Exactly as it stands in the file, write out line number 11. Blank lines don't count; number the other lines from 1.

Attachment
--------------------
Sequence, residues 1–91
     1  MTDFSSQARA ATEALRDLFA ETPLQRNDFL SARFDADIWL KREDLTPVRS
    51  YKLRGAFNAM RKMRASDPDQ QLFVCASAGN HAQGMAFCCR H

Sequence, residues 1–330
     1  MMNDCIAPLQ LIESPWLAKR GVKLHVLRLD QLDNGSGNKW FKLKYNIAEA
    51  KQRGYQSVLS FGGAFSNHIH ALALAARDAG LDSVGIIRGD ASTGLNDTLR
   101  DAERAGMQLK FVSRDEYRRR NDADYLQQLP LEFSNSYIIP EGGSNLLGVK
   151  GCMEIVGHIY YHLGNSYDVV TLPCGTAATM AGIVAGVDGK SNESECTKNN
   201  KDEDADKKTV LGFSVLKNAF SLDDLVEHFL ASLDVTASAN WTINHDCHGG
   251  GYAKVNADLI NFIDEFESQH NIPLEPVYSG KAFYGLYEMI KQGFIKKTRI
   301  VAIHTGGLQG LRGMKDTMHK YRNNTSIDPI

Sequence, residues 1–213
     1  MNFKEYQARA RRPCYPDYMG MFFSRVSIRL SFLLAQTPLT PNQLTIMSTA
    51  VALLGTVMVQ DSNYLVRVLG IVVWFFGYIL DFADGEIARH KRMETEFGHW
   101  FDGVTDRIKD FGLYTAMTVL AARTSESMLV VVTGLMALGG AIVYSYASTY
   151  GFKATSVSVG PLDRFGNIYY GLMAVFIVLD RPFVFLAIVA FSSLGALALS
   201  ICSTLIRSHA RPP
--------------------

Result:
   301  VAIHTGGLQG LRGMKDTMHK YRNNTSIDPI